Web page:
“Gig.” You’ve heard it mentioned at afterwork drinks, debated on employment sites, and beaten to death by pundits. It may have a new name now, but gigs have been around as long as humans have been paid for “services rendered.” What we now call gigs used to be referred to as part-time, freelance, or consulting.
Gigs can be full- or part-time, or even one-off projects. There are gigs to be found at the highest professional levels and in the minimum wage “service on-demand” sector. The essential qualifier is that workers are not employees with benefits but independent contractors. More and more of us are participating in the gig economy, creating a robust market for the millions of work-for-hire individuals.
How many in the workforce are doing gig work? According to the Gig Economy Data Hub, a joint project of Cornell University’s Institute of Labor Relations and the Aspen Institute, the percentage is around 30%. However, Ernst & Young consultant David Jolley points out that only about 10% of those are depending on gigs for their entire income.
Gigging was originally musicians’ slang for a performance. It has come to mean so much more. Gigs are real work, sought after by both employers and workers. Some of us gig because we like the freedom and flexibility, or because we’re sick of smelling the IT departments’ lunches. Employers may be trying to save money by not hiring a full-time employee, or need a skilled person for a set amount of time. More platforms connecting workers to businesses are going up all the time. Some are highly specialized, including those for lawyers and doctors, restaurant workers, and creatives.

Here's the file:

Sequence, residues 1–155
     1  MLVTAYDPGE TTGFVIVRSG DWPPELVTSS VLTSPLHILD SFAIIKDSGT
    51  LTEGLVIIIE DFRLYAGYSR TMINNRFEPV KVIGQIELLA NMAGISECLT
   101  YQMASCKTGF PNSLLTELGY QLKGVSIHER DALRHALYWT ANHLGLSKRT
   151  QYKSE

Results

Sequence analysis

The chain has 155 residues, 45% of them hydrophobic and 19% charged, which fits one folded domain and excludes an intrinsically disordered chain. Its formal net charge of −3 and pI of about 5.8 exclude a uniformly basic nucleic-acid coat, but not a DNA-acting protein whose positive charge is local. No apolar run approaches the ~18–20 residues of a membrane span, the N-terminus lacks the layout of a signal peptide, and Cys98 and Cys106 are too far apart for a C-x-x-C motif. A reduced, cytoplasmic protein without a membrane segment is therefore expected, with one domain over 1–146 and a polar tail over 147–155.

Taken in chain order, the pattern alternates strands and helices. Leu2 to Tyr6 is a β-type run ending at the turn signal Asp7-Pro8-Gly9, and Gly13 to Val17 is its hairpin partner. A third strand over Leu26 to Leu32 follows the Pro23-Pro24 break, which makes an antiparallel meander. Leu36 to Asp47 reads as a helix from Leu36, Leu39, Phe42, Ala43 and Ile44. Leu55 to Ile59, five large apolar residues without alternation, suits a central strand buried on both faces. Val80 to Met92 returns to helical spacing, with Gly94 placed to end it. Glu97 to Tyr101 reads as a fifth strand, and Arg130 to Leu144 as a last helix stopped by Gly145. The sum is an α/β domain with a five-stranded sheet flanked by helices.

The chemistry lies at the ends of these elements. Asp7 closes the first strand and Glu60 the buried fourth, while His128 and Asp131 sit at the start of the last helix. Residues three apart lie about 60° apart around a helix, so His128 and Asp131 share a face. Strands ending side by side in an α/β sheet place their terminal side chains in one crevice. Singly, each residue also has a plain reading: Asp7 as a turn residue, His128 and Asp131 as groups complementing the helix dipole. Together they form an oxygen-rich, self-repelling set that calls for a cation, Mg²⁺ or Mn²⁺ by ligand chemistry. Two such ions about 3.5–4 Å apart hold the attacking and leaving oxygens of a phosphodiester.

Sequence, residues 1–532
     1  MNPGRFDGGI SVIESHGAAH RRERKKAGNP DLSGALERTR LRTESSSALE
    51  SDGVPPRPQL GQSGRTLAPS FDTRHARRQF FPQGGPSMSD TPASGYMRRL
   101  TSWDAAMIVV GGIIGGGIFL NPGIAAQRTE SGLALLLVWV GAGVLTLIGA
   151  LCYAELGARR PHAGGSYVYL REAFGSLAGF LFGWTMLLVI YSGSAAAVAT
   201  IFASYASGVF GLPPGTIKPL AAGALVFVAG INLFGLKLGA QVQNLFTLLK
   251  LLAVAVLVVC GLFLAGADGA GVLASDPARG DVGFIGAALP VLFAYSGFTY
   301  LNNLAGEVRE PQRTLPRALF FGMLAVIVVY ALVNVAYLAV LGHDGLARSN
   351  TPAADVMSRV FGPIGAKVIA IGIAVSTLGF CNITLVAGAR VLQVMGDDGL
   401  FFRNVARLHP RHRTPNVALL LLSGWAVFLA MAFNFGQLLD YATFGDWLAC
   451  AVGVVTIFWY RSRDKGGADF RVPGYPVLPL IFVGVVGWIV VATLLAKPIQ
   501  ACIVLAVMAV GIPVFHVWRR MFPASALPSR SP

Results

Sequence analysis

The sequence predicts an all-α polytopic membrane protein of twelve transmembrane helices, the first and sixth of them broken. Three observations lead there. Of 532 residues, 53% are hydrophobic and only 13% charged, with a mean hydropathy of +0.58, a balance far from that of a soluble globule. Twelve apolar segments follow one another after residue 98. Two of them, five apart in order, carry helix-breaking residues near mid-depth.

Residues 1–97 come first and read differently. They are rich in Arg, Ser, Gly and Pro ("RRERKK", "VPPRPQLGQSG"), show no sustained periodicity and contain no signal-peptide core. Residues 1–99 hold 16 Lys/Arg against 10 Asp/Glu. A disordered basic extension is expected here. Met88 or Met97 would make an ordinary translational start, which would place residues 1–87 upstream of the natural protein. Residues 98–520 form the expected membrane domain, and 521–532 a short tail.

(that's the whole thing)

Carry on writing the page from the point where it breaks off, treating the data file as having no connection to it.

As the numbers grow, employers are increasingly dipping into the marketplace of temps. The gig economy has also been a godsend for legions of entrepreneurs: “A fast-moving startup can secure talent as it needs it, outsource more quotidian tasks like payroll, and stay lean and mean.”
For gig workers, work-life balance can be improved or turn sour. The money can be great if you find the right spot or barely a subsistence. A joint study from the Freelancers Union and the gig platform Upwork found that 63% of freelancers had to regularly take money from savings, while others find that they can make a comfortable living with piecemeal work.
“You have to hustle to find gigs,” says Mary Elizabeth Emory, an accountant in Colorado Springs. “Because I have a flexible schedule, I can spend more time with my kids, which makes up for the burden of constantly looking for projects. And I don’t have to sit next to some jerk who will not stop talking.”
Whether or not you can tolerate gigging, much less succeed at it, depends a lot on your attitude, according to experts. Researcher Lyndsey Cameron says that gig workers can feel either exploited or empowered:
“If you’re a first-generation immigrant expecting to work your way up and had done low-paid, low-skill work before, you’re more likely to feel empowered,” she said. “The people who feel more exploited are ones who had been laid off from manufacturing or pink-collar jobs and wanted to stop their downward social mobility.”
Academics, experts, and consultants all say the gig trend is here to stay and are projecting growth across all professions and age groups. One demographic in particular is taking advantage of the gig economy: seniors. Angela Heath, author of Do the Hustle Without the Hassle, said, “seniors are where the gig economy is headed.”
Some seniors are gigging because they don’t have enough money for total retirement; others because they enjoy work; and still others are sought out by firms looking for specific experience and expertise. Heath reminds us that the gig economy encompasses far more than Uber drivers. “There’s a continuum of gig platforms, including some for the nation’s top [companies].”